But then he gets a break. He no sooner gets back in this country than he has to grab a change of clothes and go back to Asia for the funeral of Indian Prime Minister Lai Bahadur Shastri in the second week of January, 1966. This time Valenti doesn’t go along. Hubert and his aide David Gartner get to New Delhi 27 hours later and Hubert’s invited to participate…along with Dean Rusk… in a meeting there with Soviet Premier Alexsei Kosygin, which is the first major face-to-face between U. S. officials and the new premier. The meeting lasts 1-1/2 hours and is a success. Then while taking a walk around the garden of the Indian presidential palace with Gartner and two secret service agents, Hubert rounds a corner and almost bumps headlong into Kosygin who’s doing the same thing. Kosgyin’s English speaking daughter and two bodyguards are along. The daughter translates and Hubert gives him some vice presidential cufflinks. They talk about Vietnam and Russian intentions there. On his own, Hubert sets up a meeting with Mrs. Indira Gandhi, the sister of Pandit Nehru. It was fortuitous because Mrs. Gandhi rose to power overnight just a few days later and Hubert has a relationship.

Now LBJ is overjoyed. He believes Hubert is a great emissary. Besides he didn’t get much press on the trip so that’s all to the good for LBJ. In reward the president now sent him on a 14-day, 43,000 mile trip to nine Asian nations—this time including South Vietnam. First stop Honolulu where U. S. and South Vietnam leaders agreed to what is known as the Declaration of Honolulu which said that the U. S. approach to South Vietnam would be based on social and economic development goals. Now, said Hubert, we’re cooking. But when he got back Johnson wasn’t mad at anything, just worried that Robert Kennedy was stealing Hubert’s leftwing buddies in preparation for 1968. Then he clapped Hubert on the back and sent him forth once again—to Honolulu where he wold pick up South Vietnamese premier Nguyen Cao Ky, chief of state Nguyen Van Theiu, special ambassador Averill Harriman (who was starting to be doddering) and McGeorge Bundy along with the creep Jack Valenti. They would all go once again to Saigon, other stops in South Vietnam, Laos, Thailand, Pakistan, India, Australia, New Zealand, the Philippines and Korea. Hubert put on a display that topped any other vice president’s visit including that of Richard Nixon for Ike and Lyndon Johnson for Kennedy—calling hogs in Vietnam, teaching Bangkok kids to say “okay” and “goodbye,” to share views of the dustbowl days of South Dakota with the drought in India and kissing babies in rural rice paddies and Saigon slums.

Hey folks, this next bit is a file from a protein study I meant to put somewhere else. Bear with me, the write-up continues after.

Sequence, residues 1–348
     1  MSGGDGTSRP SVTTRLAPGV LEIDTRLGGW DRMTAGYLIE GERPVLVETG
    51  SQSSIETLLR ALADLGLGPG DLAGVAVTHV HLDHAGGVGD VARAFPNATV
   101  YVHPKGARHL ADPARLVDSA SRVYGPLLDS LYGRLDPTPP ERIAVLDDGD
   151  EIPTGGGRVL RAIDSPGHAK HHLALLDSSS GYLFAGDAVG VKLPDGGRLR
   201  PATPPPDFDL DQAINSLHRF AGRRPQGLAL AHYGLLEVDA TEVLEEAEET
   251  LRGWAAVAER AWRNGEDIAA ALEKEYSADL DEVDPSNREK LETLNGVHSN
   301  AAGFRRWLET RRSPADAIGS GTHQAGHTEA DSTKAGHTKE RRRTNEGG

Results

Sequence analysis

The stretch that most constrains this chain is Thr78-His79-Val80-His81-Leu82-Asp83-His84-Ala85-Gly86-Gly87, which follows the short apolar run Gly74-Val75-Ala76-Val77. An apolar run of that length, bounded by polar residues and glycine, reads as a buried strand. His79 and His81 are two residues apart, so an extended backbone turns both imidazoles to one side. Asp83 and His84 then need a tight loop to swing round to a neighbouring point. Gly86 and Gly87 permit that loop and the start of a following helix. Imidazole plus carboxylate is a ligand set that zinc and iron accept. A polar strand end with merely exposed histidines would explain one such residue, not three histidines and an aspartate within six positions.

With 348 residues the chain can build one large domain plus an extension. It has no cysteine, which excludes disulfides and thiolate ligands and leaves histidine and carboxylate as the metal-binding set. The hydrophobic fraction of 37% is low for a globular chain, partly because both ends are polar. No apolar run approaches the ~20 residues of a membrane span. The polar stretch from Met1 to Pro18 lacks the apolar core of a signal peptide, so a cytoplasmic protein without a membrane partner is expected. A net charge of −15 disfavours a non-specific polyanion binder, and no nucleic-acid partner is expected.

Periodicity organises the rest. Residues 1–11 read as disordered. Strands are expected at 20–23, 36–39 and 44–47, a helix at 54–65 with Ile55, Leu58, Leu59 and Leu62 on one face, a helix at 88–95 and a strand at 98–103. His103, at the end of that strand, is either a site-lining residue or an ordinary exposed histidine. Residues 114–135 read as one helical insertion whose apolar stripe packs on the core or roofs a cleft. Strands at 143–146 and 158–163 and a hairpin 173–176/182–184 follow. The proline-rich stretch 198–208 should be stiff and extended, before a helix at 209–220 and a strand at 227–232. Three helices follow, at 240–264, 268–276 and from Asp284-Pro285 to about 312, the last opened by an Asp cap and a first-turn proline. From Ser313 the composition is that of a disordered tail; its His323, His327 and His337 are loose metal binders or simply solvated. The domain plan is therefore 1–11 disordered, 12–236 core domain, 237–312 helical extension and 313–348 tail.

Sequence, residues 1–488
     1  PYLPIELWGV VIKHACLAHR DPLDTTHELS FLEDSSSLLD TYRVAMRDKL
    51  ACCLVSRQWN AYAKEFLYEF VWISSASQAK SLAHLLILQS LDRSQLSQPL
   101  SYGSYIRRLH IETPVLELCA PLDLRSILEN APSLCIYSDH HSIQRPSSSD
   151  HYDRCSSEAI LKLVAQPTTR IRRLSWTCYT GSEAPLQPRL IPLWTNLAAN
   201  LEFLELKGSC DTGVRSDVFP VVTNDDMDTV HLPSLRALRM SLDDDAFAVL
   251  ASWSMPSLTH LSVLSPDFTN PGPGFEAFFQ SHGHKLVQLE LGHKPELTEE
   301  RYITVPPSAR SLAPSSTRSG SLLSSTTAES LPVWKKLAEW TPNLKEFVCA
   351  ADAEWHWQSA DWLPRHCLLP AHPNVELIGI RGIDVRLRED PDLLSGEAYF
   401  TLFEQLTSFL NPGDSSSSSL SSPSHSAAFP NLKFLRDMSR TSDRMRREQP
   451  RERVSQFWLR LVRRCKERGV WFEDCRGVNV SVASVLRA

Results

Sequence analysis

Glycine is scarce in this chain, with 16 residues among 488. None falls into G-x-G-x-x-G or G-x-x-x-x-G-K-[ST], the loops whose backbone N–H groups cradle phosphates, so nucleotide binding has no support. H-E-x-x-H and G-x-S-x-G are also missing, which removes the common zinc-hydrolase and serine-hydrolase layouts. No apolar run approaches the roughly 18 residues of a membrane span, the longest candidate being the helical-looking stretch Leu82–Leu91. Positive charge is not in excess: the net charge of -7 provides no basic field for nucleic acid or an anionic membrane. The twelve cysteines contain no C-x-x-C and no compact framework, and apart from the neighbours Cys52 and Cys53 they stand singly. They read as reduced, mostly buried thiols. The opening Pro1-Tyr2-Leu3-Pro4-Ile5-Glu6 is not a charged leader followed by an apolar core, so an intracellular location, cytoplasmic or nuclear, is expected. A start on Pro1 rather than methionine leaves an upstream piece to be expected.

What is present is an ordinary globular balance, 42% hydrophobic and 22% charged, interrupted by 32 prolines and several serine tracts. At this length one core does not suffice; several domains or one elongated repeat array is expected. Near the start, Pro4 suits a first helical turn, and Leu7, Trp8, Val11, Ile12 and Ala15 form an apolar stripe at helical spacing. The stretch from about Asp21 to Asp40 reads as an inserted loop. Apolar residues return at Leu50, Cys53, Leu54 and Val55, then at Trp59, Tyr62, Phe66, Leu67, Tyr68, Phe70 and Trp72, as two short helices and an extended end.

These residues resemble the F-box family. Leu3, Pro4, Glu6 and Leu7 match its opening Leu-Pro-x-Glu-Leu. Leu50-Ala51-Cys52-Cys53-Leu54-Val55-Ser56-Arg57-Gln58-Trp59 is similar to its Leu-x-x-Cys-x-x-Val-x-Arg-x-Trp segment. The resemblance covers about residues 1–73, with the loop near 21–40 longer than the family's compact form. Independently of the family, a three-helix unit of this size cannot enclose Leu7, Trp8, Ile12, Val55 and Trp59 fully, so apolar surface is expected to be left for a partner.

Meeting with the press in off-the-record talks, Hubert grew expansive and reverted to his old anti-Commie views when he beat the Communists in the Farmer-Labor party of Minnesota. “I fought those bastards then and I’m going to fight them now,” he said as he popped down a few cool ones. “We licked them then and we can lick them now. They’re not the forces of freedom. We are.” Then he sounded a lot like the George W. Bush of today.

“If we don’t stop `em in South Vietnam they’ll be in Honolulu and San Francisco.” Back home when he heard these words repeated by one newsman who was in the habit of serving as an emissary to Johnson, LBJ was happy. He had finally got Hubert to be a man you could go to the well with.

1 comment:

  1. Could Gene be a precursor of Dubyah's looking into (Ras)Putin's Soul? Just saw the forest--